Choosing the right protocol

When it comes to depression rates, the type of protocol a patient undergoes, whether short-term or long-term, has no impact, Dr. Bloch concluded. The combination of the stress surrounding the treatment, a personal history of psychiatric disorders, and a sharp decline in estrogen levels are the main contributing factors towards depression during IVF therapy. While doctors should look at their patient's individual needs when deciding on an IVF protocol, the current report suggests the type of protocol per se is not an important factor in the induction of depression.


Story Source:

The above story is based on materials provided by American Friends of Tel Aviv University. Note: Materials may be edited for content and length.


Journal Reference:

  1. Miki Bloch, Foad Azem, Inbar Aharonov, Irit Ben Avi, Yaron Yagil, Shaul Schreiber, Ami Amit, Abraham Weizman. GnRH-agonist induced depressive and anxiety symptoms during in vitro fertilization–embryo transfer cycles. Fertility and Sterility, 2010; DOI: 10.1016/j.fertnstert.2010.07.1073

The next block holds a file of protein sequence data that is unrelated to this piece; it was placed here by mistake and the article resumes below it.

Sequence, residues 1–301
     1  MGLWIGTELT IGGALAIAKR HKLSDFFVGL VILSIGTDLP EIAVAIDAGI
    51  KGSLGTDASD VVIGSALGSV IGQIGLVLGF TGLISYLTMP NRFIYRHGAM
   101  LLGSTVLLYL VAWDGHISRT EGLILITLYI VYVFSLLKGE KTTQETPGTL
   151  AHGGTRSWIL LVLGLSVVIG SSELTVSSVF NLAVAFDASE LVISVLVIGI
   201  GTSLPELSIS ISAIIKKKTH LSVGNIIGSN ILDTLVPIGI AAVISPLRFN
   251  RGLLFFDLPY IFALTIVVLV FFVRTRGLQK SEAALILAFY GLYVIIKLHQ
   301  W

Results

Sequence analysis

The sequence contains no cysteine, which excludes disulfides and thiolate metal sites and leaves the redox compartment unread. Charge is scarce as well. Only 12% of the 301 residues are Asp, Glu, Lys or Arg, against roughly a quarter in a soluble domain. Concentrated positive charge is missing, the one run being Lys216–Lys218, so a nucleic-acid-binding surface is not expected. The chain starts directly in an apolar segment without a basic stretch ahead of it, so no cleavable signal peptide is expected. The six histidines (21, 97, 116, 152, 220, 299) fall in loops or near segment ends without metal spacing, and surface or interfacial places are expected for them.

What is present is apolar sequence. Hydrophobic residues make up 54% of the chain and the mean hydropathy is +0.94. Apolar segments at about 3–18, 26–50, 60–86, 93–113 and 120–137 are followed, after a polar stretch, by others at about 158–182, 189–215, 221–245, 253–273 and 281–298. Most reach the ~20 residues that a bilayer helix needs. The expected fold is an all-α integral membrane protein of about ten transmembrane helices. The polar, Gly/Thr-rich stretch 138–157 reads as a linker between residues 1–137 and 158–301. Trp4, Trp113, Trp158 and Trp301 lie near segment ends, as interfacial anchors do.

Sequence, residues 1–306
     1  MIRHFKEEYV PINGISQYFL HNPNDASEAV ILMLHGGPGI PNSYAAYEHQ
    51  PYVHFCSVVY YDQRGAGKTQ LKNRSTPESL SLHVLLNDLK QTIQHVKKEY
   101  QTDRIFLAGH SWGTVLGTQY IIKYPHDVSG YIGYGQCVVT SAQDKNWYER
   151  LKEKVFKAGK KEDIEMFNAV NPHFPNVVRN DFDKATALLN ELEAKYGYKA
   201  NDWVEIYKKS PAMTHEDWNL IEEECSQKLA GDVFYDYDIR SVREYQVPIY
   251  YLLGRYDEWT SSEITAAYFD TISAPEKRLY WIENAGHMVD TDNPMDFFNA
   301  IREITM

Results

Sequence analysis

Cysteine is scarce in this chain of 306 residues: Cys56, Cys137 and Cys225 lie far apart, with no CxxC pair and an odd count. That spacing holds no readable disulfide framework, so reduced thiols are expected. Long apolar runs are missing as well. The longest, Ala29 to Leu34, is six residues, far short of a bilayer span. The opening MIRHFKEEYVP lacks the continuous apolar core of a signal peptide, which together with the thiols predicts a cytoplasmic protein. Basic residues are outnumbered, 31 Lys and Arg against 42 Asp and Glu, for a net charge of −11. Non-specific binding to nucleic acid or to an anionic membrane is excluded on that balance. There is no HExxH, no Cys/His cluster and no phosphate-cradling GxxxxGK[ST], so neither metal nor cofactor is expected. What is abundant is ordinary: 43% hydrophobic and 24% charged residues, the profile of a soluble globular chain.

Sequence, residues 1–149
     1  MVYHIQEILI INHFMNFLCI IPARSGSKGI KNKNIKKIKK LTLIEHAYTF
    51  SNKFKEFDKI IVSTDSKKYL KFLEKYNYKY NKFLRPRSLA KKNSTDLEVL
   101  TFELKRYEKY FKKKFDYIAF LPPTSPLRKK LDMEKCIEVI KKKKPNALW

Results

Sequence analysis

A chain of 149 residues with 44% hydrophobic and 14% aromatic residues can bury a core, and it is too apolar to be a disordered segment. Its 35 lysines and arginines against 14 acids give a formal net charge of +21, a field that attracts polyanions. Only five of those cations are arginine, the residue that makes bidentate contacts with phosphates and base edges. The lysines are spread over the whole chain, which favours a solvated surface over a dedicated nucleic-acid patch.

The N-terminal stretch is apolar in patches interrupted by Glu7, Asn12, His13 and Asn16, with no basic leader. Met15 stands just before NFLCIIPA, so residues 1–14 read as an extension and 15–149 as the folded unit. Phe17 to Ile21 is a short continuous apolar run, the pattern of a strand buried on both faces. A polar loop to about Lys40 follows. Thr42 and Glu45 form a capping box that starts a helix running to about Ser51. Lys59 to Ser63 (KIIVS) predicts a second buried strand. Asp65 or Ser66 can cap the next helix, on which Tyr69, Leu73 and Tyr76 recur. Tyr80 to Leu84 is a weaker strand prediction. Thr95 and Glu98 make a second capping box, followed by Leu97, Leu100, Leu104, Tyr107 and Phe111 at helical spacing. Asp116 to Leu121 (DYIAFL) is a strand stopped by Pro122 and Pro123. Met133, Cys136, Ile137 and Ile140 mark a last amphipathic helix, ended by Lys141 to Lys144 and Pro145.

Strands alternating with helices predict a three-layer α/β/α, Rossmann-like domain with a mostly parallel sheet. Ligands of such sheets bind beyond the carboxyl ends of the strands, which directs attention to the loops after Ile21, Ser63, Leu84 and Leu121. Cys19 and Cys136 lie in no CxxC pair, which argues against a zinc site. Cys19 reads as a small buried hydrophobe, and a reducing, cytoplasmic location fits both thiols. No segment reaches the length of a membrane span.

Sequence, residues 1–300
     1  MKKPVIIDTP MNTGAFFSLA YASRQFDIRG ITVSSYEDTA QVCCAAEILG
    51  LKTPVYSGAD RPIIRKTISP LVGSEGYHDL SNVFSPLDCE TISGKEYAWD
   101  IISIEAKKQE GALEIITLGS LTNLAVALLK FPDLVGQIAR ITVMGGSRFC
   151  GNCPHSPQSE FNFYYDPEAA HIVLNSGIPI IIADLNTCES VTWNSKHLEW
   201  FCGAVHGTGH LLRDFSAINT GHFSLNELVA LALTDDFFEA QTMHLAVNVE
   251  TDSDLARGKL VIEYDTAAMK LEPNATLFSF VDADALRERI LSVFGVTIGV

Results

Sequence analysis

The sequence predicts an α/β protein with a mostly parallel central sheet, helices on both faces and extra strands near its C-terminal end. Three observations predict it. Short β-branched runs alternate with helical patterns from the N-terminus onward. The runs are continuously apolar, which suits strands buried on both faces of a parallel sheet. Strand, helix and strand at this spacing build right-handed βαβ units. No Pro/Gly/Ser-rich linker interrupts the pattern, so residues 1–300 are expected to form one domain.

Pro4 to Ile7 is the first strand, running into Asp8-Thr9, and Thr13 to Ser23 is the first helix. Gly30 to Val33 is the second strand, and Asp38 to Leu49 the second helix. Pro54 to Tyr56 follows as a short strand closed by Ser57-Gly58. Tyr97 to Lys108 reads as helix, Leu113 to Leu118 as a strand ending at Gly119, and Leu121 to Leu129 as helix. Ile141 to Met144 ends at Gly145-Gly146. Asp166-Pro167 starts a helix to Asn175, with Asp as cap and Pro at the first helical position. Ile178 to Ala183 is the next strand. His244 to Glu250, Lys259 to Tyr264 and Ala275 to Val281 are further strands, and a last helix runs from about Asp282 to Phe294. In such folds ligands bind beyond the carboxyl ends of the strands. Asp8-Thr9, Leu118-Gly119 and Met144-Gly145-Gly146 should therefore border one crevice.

Cite This Page:

American Friends of Tel Aviv University. "Overcoming the IVF baby blues: Hormones and stress are major contributors to depression, research finds." ScienceDaily. ScienceDaily, 10 November 2010. <www.sciencedaily.com/releases/2010/11/101109152941.htm>.
American Friends of Tel Aviv University. (2010, November 10). Overcoming the IVF baby blues: Hormones and stress are major contributors to depression, research finds. ScienceDaily. Retrieved September 19, 2014 from www.sciencedaily.com/releases/2010/11/101109152941.htm
American Friends of Tel Aviv University. "Overcoming the IVF baby blues: Hormones and stress are major contributors to depression, research finds." ScienceDaily. www.sciencedaily.com/releases/2010/11/101109152941.htm (accessed September 19, 2014).